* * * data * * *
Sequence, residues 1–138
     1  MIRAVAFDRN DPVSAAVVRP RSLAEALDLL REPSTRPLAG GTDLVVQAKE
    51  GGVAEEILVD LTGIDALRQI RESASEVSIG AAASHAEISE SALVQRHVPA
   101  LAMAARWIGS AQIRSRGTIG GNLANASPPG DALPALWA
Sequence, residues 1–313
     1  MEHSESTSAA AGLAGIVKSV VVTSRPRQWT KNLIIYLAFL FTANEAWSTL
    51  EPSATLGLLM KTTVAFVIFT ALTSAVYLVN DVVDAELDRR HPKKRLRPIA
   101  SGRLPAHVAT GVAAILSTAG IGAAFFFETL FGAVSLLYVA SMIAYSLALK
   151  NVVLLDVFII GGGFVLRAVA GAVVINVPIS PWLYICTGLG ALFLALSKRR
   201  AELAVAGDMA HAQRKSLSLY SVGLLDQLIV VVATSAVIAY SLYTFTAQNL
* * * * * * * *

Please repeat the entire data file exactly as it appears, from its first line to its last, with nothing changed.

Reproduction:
Sequence, residues 1–138
     1  MIRAVAFDRN DPVSAAVVRP RSLAEALDLL REPSTRPLAG GTDLVVQAKE
    51  GGVAEEILVD LTGIDALRQI RESASEVSIG AAASHAEISE SALVQRHVPA
   101  LAMAARWIGS AQIRSRGTIG GNLANASPPG DALPALWA
Sequence, residues 1–313
     1  MEHSESTSAA AGLAGIVKSV VVTSRPRQWT KNLIIYLAFL FTANEAWSTL
    51  EPSATLGLLM KTTVAFVIFT ALTSAVYLVN DVVDAELDRR HPKKRLRPIA
   101  SGRLPAHVAT GVAAILSTAG IGAAFFFETL FGAVSLLYVA SMIAYSLALK
   151  NVVLLDVFII GGGFVLRAVA GAVVINVPIS PWLYICTGLG ALFLALSKRR
   201  AELAVAGDMA HAQRKSLSLY SVGLLDQLIV VVATSAVIAY SLYTFTAQNL